Science: Order & Design, 2010 edition

Science: Order & Design, 2010 edition

This book should be thought of as part one of a two-year science course for seventh and eighth grades. Part two is contained in the A Beka text, Matter and Motion. Because the two books are closely related, I discuss common features here.

These books feature a relatively large type style that makes them easy to read. Illustrations, hands-on experiments, a colorful format, and a lively writing style make Science: Order & Design appealing to the average seventh-grade student. Matter and Motion's style is a little less lively. While these texts still feature mostly questions of the rote-recall variety, section reviews in both books include "Thought Provoker" questions that expand student thinking. End-of-chapter questions in Order & Design definitely move beyond the recall level with questions that require thoughtful explanations such as “Contrast the assumptions of materialism with what the Bible teaches” (p. 173).

Both books would be considered "general science" with a broad range of subjects. Order & Design includes: plants, animals, insects (including instructions for making an insect collection), the human body, birds, fish, reptiles, amphibians, classification, microscopy, creation (including conflicts with evolutionary theory), and ecology.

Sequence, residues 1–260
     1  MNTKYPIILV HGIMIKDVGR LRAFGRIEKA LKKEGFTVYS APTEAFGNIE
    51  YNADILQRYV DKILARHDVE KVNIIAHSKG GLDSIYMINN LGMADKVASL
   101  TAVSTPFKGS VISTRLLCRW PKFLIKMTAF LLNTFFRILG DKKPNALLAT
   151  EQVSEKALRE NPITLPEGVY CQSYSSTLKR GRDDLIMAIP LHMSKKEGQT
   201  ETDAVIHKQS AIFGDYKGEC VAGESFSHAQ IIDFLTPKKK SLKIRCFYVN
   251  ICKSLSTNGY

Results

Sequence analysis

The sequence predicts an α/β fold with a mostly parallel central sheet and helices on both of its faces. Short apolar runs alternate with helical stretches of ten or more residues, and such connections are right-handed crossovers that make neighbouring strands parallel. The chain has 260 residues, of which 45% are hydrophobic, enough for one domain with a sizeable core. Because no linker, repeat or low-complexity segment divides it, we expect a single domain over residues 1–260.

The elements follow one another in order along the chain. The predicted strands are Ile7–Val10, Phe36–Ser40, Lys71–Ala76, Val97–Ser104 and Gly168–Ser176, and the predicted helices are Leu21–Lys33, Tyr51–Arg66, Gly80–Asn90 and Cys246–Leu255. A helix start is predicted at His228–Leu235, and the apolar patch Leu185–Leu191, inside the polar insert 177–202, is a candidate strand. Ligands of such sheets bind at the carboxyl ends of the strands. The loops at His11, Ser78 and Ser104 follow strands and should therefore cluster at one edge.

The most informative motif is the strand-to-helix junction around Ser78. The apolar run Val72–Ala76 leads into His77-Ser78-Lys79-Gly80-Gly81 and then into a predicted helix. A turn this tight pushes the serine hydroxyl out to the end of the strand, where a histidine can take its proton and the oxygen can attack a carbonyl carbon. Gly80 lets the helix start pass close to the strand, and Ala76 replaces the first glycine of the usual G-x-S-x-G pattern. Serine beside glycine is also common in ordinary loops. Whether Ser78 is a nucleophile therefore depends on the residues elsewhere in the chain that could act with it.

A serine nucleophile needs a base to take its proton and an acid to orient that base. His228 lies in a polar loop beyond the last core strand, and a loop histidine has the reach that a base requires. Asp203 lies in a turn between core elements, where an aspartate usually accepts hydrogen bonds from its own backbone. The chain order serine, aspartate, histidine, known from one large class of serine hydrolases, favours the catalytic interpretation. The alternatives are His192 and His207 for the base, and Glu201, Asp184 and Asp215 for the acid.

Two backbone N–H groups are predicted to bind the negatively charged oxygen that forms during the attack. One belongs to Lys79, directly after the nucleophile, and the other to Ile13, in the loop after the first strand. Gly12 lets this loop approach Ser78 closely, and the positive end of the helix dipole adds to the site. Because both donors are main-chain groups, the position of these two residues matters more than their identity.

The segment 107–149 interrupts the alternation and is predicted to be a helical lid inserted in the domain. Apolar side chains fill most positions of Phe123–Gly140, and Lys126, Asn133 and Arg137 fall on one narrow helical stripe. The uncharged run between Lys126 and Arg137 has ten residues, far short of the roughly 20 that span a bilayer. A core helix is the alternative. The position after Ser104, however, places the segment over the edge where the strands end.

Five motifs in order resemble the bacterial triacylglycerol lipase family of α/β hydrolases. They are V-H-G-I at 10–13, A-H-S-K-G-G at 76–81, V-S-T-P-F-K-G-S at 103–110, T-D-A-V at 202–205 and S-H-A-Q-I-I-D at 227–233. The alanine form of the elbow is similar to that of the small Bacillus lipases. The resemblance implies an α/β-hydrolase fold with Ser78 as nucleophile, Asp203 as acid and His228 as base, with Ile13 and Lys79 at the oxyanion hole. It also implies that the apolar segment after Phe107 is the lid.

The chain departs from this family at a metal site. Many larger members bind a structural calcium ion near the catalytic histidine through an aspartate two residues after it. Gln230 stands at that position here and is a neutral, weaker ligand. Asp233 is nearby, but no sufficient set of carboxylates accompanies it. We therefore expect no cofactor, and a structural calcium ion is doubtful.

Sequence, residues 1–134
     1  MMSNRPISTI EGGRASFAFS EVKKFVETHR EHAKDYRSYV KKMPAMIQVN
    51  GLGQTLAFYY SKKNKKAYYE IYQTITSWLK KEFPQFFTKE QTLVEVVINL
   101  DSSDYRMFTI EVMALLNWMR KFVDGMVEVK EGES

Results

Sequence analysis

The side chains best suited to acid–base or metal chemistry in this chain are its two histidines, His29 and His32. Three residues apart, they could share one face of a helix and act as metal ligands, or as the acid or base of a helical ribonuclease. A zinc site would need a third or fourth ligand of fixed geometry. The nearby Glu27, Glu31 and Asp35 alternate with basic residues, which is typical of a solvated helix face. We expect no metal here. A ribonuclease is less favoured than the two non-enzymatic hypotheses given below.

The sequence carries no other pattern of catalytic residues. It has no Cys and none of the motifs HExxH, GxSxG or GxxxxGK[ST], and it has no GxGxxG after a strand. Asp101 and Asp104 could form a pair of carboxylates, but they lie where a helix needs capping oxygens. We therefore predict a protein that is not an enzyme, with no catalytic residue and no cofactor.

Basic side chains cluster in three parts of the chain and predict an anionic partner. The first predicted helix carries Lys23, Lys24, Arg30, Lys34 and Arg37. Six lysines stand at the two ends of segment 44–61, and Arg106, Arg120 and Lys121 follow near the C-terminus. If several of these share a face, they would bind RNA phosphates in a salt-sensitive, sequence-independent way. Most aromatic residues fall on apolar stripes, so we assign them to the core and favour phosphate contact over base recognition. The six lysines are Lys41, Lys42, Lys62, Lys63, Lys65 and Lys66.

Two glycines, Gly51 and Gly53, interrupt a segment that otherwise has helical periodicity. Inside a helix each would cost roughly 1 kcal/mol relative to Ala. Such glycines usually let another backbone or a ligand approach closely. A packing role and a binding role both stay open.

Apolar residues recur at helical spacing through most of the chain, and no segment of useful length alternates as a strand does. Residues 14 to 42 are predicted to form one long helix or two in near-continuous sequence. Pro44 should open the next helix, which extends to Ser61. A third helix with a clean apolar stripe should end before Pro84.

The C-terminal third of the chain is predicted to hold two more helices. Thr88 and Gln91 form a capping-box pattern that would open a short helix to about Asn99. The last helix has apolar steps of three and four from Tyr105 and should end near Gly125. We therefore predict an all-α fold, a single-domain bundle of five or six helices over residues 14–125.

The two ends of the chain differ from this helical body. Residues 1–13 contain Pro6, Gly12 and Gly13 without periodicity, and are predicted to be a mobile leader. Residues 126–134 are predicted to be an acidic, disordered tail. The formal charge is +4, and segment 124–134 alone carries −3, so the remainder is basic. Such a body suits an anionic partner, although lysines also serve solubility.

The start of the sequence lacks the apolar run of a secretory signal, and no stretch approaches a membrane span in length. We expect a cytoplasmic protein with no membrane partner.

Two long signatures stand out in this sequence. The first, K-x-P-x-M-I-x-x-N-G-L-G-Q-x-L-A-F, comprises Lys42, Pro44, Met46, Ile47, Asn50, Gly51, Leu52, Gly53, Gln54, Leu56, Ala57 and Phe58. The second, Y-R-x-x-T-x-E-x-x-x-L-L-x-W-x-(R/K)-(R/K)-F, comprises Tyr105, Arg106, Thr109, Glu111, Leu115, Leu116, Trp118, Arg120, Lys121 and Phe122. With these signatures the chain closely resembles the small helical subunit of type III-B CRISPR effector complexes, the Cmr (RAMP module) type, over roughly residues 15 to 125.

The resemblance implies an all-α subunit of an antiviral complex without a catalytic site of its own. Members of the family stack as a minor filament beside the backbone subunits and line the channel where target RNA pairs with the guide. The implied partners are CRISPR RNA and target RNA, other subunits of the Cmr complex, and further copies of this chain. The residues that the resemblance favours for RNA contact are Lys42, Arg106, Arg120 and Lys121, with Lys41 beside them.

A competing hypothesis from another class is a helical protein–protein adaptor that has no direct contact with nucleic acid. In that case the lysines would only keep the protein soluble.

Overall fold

Both books have an entire chapter devoted to the conflict between creationism and evolution, presenting a vehement biblical creationist viewpoint. In fact, this viewpoint shows up throughout both books rather than being isolated into the one chapter.

The previous edition of this text was titled Science: Order and Reality. That previous text included introductory concepts for physical science, atmosphere, and weather. I suspect those topics might show up in the next revision of Matter and Motion, since it, too, is due for an update.

One very helpful addition to Order & Design is the inclusion of Chapter Reviews directly in the student text. Reviews include identification and comprehension questions, but as I mentioned earlier, they also have thought questions that will require lengthier responses.

The course has many components: student text, teacher edition of the student text (with the answers in the back plus scope and sequence and lesson plans), test book, test key, quiz book, quiz key, activity book, and activity key. The Science: Order & Design Activity Book is a new component. I have not seen it but A Beka Book';s website says, that it “Contains 37 activity sheets for a thorough review of the terms and concepts presented in each chapter.” So it sounds like it helps students learn the material but should not be mistaken for a hands-on activity book.

It seems to me that there might be plenty of material with the text alone. However, you might want the tests so that you will have cumulative tests rather than just the Chapter Reviews in the book. I would want to see the other items before purchasing to make sure they are worth using.

The A Beka health text, A Healthier You, is intended to complete the science curriculum for seventh grade. It should take about eight weeks of the school year time allotted to science, with the remaining time to be used for Order & Design.

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Instant Key

  • Religious Perspective: Protestant
  • Suitable For: group or one-on-one
  • Grade Level: grades 7-8
  • Need For Parent/Teacher Instruction: low

Publisher's Info

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